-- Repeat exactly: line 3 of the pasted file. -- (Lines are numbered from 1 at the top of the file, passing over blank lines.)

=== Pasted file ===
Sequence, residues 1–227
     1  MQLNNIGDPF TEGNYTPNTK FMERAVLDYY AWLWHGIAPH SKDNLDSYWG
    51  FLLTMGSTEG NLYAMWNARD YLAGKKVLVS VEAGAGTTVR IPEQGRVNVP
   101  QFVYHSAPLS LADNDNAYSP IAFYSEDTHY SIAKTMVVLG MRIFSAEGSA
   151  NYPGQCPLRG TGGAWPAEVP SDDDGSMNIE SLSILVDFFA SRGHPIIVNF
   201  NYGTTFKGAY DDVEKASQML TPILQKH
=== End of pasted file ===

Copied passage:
    51  FLLTMGSTEG NLYAMWNARD YLAGKKVLVS VEAGAGTTVR IPEQGRVNVP